About Recasts

Let's start by defining the term "recast". A recast is a pan or pot made using another pan or pot as-- or as the basis of-- a pattern. If you think of a pattern as an original from which copies are made, a recast is a copy of a copy.

A recast is not necessarily the same thing as a counterfeit, which is produced with the intention to deceive.

The patterns used to make late 19th and 20th century hand-poured hollowware castings were more than simply representations of their final product. The side gating technique used in that era and after requires patterns to have all of the channels and risers through which molten metal would flow into the mold already attached as an integral part. Once the casting hardens and is released from the sand mold, the metal filling those channels and risers that hardened as well must be broken off. The roughness left at those break points is then ground somewhat smooth.

A recast, by contrast, is made by simply embedding an actual pan in a sand mold, cutting a hole or slit into the top of the mold, removing the pan after the sand hardened, reassembling the mold, then pouring the molten metal through the opening. Subsequently, the excess hardened metal at that single point-of-entry is broken off and the residual ground smooth enough to let the pan set level.

This quick and dirty method therefore leaves artifacts of the casting process inconsistent with the side gating technology used to cast the copied pan. After breaking off the excess hardened metal, a "sprue" or "gate mark" is left in the bottom of the casting. In the majority of cases seen, no attempt is made to conceal the original maker's markings.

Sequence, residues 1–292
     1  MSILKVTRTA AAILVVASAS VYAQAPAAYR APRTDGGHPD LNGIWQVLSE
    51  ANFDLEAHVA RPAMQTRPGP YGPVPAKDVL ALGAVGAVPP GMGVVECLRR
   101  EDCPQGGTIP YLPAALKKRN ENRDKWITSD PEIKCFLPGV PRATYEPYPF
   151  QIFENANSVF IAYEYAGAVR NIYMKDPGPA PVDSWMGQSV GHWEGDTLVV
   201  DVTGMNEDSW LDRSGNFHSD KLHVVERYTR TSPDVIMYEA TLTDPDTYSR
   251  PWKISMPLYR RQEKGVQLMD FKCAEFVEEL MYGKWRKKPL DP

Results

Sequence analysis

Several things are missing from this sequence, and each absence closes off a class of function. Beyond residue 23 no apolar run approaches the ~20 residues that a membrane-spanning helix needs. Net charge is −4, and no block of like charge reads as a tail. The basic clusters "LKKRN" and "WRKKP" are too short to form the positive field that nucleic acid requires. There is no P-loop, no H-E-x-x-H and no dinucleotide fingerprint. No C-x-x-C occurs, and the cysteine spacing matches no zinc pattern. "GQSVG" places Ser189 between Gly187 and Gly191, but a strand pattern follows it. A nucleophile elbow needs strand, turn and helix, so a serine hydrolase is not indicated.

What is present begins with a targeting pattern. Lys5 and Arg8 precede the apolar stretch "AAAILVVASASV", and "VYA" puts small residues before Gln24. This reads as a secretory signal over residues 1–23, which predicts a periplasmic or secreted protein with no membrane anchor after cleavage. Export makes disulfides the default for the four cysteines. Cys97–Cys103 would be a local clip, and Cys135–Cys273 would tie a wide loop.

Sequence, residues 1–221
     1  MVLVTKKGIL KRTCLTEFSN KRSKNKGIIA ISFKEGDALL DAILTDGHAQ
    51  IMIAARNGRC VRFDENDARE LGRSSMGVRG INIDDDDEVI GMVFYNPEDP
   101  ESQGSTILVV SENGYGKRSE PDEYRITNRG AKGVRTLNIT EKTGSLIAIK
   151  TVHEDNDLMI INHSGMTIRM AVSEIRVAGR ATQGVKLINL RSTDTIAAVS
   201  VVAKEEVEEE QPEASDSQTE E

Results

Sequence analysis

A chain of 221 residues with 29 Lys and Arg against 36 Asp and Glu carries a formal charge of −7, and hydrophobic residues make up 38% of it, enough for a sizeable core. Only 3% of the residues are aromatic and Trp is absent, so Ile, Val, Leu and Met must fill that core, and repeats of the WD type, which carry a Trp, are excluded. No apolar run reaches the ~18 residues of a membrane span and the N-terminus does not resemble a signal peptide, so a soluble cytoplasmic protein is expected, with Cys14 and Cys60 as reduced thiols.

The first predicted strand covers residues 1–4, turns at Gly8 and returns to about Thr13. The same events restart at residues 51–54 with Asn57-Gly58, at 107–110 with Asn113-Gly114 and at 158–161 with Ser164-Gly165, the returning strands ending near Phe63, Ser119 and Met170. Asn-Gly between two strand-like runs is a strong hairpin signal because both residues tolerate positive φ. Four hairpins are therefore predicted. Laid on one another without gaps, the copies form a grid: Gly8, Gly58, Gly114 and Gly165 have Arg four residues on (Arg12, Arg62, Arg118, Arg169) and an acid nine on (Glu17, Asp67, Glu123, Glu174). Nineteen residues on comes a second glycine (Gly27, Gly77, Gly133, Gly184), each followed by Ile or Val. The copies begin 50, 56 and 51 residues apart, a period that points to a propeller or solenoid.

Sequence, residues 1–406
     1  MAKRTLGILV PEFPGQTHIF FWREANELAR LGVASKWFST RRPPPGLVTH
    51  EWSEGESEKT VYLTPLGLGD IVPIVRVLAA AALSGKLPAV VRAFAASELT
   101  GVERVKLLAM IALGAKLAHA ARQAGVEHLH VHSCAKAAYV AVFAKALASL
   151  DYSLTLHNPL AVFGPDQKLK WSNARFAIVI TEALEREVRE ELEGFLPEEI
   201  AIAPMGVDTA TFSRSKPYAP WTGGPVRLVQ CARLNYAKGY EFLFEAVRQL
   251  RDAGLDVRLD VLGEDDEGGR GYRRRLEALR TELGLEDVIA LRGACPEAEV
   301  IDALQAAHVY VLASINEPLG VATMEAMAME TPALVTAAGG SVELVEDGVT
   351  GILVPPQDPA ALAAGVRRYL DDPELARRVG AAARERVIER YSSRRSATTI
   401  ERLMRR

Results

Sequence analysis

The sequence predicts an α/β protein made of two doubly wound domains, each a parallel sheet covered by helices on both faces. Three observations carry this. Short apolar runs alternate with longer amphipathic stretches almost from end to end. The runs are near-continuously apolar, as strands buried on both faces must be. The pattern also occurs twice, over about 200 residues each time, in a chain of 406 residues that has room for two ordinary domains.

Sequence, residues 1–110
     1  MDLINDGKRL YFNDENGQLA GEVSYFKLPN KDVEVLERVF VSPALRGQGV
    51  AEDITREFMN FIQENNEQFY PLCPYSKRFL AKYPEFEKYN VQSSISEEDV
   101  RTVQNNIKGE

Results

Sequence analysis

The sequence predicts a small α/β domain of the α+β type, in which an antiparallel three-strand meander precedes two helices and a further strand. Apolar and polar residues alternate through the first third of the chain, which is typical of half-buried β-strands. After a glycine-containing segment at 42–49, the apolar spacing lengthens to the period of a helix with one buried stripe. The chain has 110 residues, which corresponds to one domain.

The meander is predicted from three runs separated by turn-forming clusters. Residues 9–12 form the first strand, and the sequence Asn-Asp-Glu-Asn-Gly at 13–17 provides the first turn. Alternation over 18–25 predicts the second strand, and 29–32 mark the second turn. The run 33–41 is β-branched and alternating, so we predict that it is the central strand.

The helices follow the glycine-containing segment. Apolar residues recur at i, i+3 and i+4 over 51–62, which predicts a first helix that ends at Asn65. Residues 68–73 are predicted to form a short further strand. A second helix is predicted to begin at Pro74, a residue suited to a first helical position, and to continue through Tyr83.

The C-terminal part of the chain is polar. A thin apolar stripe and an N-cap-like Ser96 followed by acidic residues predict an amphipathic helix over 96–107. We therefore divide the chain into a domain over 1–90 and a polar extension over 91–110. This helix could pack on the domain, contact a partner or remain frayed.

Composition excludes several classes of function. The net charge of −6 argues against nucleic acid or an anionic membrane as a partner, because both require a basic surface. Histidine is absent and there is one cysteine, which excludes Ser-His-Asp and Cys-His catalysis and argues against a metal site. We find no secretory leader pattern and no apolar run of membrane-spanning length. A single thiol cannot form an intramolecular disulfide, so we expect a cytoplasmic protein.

This method was apparently used by many small, nameless foundries, in order to avoid the expense of actual pattern-making. Their goal was not to counterfeit name brand pans, but rather to simply create some usable wares for local sale.

A recast could also be the result of an individual, with the necessary resources available, creating a one-off or small number of copies. And, since aluminum is far easier to melt than iron, it might explain the prevalence of recasts of iron pans seen made with that metal.

Common to most recasts, besides the atypical gating methods used, is their general sub-standard casting quality. Casting voids and other casting anomalies that would never have passed a genuine manufacturer's quality control are rampant.

Those not yet familiar with recasting may be fooled into believing they may have found a genuine pan, albeit one with unusual characteristics. Decades ago, even knowledgeable collectors for a short time believed a recast of an Erie skillet to be a newly discovered, genuine early example, and tried to fit it into the established Erie time line.

Conversely, there is no overarching reason to suspect a recast or counterfeit simply because a pan's markings are unfamiliar to you. Counterfeiters were largely opportunistic, mainly reproducing small, high value items like toys and tea-size cornstick pans. Recasts are typically just someone trying to make a usable piece, not a perfect replica.